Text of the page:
The rhino poaching crisis has demonstrated that there is no single solution to addressing illegal wildlife trade, which is an increasing global phenomenon (estimated to be the third largest illegal industry worldwide after drugs and human trafficking) and often has its roots in organised, trans-boundary crime.
The EWT is implementing interventions at several stages in the poaching and wildlife trade chain which has a number of role players. One of these, conducted in partnership with Webber Wentzel, was an intensive four and a half day workshop to train various agencies responsible for biodiversity protection and management. Twenty-four officials from Cape Nature, the Marine Conservation Inspectorate and SANParks attended the course in Cape Town.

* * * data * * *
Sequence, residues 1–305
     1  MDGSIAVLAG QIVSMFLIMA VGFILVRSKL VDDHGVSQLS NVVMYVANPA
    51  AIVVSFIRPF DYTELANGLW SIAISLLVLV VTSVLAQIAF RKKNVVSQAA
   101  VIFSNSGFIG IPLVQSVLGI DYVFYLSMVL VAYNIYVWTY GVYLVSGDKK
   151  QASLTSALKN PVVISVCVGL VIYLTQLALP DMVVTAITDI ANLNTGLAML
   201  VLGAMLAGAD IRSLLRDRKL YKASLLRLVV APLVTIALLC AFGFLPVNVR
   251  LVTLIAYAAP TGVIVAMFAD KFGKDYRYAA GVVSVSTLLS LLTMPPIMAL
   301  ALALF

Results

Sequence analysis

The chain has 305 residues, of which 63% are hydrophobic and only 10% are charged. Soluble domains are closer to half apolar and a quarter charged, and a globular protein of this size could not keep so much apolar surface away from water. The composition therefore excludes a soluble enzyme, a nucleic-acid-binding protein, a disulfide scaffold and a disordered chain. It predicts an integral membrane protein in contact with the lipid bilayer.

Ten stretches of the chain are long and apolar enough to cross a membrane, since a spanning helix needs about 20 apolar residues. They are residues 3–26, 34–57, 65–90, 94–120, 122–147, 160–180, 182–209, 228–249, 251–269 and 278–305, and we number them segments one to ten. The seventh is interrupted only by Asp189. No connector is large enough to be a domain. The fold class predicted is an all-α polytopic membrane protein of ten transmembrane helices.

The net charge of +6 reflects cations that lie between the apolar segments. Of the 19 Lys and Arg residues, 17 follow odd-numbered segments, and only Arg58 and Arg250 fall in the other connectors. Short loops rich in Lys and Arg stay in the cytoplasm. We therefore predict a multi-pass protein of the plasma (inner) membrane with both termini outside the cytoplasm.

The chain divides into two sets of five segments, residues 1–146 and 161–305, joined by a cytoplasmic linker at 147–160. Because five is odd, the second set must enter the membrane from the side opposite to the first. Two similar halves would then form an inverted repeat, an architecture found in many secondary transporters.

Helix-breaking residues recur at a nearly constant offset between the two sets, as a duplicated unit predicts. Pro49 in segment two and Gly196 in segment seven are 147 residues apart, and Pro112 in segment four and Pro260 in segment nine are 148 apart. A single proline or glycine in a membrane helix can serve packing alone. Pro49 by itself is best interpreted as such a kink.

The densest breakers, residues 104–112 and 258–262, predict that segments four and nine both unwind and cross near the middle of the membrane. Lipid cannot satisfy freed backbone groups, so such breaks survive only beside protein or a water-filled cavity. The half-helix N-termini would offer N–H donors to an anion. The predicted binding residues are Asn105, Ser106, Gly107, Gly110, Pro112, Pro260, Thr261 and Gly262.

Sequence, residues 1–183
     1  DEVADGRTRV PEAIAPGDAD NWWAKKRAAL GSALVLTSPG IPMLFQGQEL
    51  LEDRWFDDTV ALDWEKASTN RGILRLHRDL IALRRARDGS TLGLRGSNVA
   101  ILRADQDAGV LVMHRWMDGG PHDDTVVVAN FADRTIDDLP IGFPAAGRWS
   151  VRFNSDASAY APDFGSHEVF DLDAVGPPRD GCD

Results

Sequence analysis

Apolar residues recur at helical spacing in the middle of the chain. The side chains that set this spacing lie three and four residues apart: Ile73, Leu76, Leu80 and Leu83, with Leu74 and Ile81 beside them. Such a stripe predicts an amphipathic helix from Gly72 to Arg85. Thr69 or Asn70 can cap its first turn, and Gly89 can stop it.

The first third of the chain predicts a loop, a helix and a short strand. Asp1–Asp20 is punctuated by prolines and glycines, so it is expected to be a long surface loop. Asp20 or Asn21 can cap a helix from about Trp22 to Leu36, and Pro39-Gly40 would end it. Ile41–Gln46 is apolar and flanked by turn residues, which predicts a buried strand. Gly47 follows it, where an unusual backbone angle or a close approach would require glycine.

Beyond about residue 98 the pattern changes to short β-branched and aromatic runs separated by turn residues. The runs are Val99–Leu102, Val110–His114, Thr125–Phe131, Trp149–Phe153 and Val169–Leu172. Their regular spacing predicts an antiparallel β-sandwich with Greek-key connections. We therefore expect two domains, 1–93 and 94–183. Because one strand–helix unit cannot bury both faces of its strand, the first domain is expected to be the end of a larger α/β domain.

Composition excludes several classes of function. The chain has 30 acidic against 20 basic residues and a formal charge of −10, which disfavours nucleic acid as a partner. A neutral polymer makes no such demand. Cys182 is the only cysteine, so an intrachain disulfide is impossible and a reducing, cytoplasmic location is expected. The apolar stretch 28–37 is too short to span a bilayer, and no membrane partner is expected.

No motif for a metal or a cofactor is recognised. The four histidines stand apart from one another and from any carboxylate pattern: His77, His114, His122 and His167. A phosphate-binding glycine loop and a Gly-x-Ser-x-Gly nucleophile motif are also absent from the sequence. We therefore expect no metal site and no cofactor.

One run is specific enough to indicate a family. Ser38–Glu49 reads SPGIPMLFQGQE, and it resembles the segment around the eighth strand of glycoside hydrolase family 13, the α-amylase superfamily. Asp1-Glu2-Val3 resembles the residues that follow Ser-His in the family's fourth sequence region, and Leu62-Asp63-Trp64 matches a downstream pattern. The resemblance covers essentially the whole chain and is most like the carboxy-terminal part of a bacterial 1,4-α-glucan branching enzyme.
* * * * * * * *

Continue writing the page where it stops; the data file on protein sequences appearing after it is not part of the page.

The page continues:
The training took place at Webber Wentzel's offices in Cape Town and aimed to create awareness of policies and legislation that prohibit or regulate the trade in wildlife specimens as well as the various smuggling methods used to illegally export or import wildlife. The session also provided an opportunity for attendees to network with various agencies and to discuss their roles in preventing illegal trade. For example, the Department of International Relations and Cooperation (DIRCO) provided input on diplomatic issues; while SARS/ Customs, the South African Police Services and the Department of Agriculture, Forestry and Fisheries (DAFF) gave insight into the quarantine station at the airport.
“This training will equip law enforcement officials with specialised knowledge and skills to combat illegal trade in wildlife specimens,” said Rynette Coetzee from EWT.
CSI manager at Webber Wentzel, Themba Mdlalose, said: “Webber Wentzel prides itself on its commitment to using the law to ensure environmental sustainability in South Africa and is proud to have been involved in an initiative aimed at halting or preventing illegal wildlife trade."
Environmental sustainability is one of the aspects that Webber Wentzel’s CSI’s practice focuses on; other areas include the rights of women and children, access to justice and economic participation.